The demand for lightning-quick fulfillment, coupled with a myriad of small-order additions, has led to a complex operating environment. Shipping issues are the second-most widely reported reason for consumer dissatisfaction when shopping online—caused primarily by lost packages and/or late deliveries.
Any one of the various moving supply chain parts can be responsible for shipping delays. For instance, inventory discrepancies at warehouses might be the reason for a slow shipment. If a consumer places an online order for an item that actually isn't in stock (despite what the website says), the warehouse cannot fulfill the order in a timely manner.
By following a few basic warehouse inventory management best practices, you can streamline your order fulfillment process to successfully meet your key performance indicators (KPIs).
1. Use an Ongoing Cycle Count
In some cases, it’s better to keep track of your inventory on a rolling basis than to have a comprehensive system that needs to be regularly updated. A once a year Physical Inventory can be cumbersome from labor planning and execution. Keeping up to date within monthly or weekly cycle counts for specific SKUs will minimize the amount of time you spend tracking and collecting data and can keep your operations on point.
2. Do an ABC Analysis
An ABC analysis is categorizing and prioritizing your inventory based on what is most valuable. This way you can make sure to utilize your time and labor effectively to increase your returns. Without this analysis, you might be spending equal amounts of time and effort on items that are of unequal value.
3. Track Your Inventory
If you don’t know where all your products are at any given time, then you will waste time hunting it down later. An interconnected system will show you where your inventory is, when it needs to be moved, and when it has shipped.
4. Automate Your Data
When you track and move thousands of pieces at a time, there will inevitably be the occasional human error. If your staff is manually entering numbers into a system, one small error can have a huge impact. Even if you are technically automated on the back end, your data collection process needs to be automated as well to drastically decrease the probability for errors.
Using systems like RFID tags and scanners means you never have to worry about someone mis-entering in a product label or number. Plus, it will save you time as your staff will no longer have to do manual data entry.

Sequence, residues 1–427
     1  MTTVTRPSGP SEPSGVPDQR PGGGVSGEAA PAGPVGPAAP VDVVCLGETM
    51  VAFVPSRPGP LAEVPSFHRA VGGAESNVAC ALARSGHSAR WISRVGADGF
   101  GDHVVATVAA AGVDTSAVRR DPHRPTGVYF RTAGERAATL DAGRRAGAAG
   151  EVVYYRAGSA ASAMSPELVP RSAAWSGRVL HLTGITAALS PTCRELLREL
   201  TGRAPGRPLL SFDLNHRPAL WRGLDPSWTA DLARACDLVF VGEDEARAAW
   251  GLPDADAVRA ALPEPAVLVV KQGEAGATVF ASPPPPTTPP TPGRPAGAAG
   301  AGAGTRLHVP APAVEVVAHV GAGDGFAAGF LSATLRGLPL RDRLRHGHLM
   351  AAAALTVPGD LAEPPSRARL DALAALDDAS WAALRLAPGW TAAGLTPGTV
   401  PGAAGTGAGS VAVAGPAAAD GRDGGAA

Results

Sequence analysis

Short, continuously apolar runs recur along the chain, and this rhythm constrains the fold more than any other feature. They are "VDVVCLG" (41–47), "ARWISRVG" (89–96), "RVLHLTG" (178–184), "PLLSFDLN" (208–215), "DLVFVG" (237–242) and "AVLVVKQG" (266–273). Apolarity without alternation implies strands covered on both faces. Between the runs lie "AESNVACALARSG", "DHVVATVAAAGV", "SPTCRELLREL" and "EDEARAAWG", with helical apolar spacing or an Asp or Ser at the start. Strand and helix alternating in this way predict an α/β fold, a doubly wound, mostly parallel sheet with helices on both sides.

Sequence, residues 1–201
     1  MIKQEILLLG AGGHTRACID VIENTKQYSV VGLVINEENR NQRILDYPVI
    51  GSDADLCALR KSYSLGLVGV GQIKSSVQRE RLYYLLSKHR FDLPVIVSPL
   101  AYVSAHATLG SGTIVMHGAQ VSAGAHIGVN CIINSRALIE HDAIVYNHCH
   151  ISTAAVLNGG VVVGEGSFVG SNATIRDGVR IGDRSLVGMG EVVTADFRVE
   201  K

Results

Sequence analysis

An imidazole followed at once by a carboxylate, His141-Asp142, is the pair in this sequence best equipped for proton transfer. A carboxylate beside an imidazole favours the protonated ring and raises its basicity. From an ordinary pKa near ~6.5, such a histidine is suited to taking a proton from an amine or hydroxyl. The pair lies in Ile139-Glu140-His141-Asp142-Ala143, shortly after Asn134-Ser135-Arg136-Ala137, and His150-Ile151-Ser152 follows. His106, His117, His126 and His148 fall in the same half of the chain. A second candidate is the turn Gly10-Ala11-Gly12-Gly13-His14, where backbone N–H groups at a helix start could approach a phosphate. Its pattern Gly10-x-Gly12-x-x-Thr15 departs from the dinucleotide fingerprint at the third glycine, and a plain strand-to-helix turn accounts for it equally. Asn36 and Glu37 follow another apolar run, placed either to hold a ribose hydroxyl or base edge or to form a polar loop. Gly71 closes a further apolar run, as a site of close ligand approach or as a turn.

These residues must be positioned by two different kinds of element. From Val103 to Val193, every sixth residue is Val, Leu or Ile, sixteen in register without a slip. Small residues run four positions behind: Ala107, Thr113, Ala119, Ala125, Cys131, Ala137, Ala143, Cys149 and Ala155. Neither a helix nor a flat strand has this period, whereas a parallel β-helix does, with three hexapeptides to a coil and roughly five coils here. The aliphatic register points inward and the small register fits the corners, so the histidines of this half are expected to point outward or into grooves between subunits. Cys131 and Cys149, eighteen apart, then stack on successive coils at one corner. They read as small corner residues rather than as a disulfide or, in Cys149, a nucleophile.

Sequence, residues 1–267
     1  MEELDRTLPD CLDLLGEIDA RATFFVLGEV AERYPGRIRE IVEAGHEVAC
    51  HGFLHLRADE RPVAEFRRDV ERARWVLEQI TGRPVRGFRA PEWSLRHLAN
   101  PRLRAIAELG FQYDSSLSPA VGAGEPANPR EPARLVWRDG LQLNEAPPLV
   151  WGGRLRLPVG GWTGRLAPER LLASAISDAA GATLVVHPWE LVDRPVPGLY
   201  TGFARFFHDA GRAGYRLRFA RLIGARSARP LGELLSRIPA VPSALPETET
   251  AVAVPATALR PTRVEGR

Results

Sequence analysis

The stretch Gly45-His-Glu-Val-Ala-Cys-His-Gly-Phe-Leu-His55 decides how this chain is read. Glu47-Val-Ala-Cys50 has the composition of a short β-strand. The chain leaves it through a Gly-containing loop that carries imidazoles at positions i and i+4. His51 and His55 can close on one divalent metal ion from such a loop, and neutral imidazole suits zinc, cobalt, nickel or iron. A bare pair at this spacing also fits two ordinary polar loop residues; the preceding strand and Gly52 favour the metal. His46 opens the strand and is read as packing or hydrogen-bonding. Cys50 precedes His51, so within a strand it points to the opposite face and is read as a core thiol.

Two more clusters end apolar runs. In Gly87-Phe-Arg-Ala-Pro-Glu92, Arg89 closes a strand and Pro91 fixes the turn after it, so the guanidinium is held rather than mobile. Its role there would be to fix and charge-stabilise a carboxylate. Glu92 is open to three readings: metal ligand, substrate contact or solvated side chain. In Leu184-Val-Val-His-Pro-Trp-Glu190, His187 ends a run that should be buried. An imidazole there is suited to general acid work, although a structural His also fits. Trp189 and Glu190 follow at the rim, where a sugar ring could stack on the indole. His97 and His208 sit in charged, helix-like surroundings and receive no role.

5. Don't Hold Up The Line
Don't let short shipment holds bog down the entire warehouse. Late-arriving packages are often the result of inventory inaccuracies i.e. when the quantity of an item listed is less than the quantity received. Short-shipped orders can create an inventory freeze and affect the warehouse's ability to fulfill additional orders. Rather than freeze your warehouse's entire inventory, shippers can ensure fulfillment systems unlock held inventory in order to fulfill orders not associated with the SKU in question.
6. Normalize adjustment codes across inventory pools
As companies grow, they tend to use a variety of different warehouses in different geographic locations. As the number of inventory pools increases, managing inventory across those pools often becomes more complex. After a short-shipped order, for instance, if inventory adjustment codes at different warehouses are not all synced, it's difficult to know which held items to unfreeze.
Normalizing inventory codes across all your warehouses seems like an obvious answer, but it is a solution that many companies leave out of their maintenance routines. Normalizing codes provides a better idea of the items that are potentially available and helps forecast when an order can be fulfilled.
Streamlining your warehouse inventory process can have a huge impact on your business. You will not only have a clearer picture of what goes on inside your warehouses, but you’ll also be able to hit those KPIs and keep your customers happy.